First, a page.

The chief executive of Chobani, the number one company in the fast-growing Greek yoghurt sector in the US, is not interested in selling the business but has not taken a possible IPO off the table.

In an interview with Reuters, Hamdi Ulukaya, who founded Chobani, said he wanted the company to remain independent.

Ulukaya said he had received interest from companies in buying Chobani but "he "nicely and respectfully" turned them down.

"From Day One that was not my motive. That's not what I want to do. This is a road that I don't want to exit from," Ulukaya said. "Those conversations have ended now. They all understand that we are here to stay."

However, Ulukaya, who launched Chobani in 2007, did not rule floating the company in the years ahead. "We have not spent so much time on that one, but who knows what happens in three or four years when it comes to going public," he said.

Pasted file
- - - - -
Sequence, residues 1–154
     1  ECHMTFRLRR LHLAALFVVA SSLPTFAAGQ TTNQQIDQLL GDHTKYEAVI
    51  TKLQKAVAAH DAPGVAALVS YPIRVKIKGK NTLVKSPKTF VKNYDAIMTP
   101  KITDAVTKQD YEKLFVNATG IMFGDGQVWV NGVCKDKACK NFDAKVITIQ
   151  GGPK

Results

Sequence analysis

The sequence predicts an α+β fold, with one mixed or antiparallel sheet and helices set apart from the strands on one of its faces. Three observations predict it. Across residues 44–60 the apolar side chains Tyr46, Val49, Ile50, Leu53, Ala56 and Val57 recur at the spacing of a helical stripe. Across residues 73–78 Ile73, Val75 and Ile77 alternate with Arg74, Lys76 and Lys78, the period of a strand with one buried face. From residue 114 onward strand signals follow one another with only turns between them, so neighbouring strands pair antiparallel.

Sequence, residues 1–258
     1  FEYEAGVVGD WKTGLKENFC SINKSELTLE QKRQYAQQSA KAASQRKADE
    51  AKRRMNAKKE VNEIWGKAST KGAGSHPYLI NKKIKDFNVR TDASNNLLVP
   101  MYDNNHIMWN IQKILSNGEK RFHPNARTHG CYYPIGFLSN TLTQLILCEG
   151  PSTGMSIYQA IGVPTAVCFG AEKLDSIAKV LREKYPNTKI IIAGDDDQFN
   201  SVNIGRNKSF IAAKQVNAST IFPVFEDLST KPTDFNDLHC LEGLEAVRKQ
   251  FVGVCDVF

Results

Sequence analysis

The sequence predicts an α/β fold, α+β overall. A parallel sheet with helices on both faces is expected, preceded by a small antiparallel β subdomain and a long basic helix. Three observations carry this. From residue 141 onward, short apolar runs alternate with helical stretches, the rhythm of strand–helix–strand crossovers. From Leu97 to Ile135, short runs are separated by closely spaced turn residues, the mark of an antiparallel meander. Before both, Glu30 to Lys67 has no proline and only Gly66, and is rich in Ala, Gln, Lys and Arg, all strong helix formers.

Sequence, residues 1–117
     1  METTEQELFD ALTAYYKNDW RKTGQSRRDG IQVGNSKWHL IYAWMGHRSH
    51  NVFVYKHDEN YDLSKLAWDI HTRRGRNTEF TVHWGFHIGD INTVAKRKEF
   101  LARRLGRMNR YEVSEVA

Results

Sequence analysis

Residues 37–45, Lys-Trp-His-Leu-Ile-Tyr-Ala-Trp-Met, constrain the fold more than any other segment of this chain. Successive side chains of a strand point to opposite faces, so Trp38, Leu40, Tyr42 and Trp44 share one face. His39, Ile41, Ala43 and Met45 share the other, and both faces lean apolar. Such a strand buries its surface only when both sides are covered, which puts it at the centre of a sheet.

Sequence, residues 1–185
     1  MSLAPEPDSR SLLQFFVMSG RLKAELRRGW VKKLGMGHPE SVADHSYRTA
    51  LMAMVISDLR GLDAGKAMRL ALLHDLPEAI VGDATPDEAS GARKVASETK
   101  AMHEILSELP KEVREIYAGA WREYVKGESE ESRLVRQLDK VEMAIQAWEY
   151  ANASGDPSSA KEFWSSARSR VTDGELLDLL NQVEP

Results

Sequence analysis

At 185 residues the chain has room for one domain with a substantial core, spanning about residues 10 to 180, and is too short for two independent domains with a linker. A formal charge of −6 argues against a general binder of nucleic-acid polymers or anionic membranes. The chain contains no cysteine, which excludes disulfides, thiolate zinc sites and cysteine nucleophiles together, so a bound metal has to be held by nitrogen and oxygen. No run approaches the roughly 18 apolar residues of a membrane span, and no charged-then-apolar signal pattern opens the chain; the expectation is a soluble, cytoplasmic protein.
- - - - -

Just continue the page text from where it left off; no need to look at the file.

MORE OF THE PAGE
When speaking to just-food this week, a spokesperson for Chobani said the company was focusing on its business, rather than think about a listing.

"We are not considering an IPO at this time or anywhere in the near future; we're having too much fun to spend any time thinking about that right now," the spokesperson said.

Earlier this week, Chobani opened its second manufacturing plant in the US as it looks to cater for strong demand for the product.

Chobani is the largest Greek yoghurt producer in the US by sales and has led the growth of the category in recent years. However, last month analysts at Sanford Bernstein claimed Chobani was losing market share at the expense of Danone.

Chobani is still seeing sales increase but not as quickly as its French rival but Sanford Bernstein believed the company could bounce back as it expands capacity.

"We believe that it will regain momentum given increased capacity and more tactical use of promo going forward," the analysts wrote.

Chobani is also looking to start production in Canada. However, the company told just-food it had yet to finalise any plans and was still in talks with local government officials in Ontario.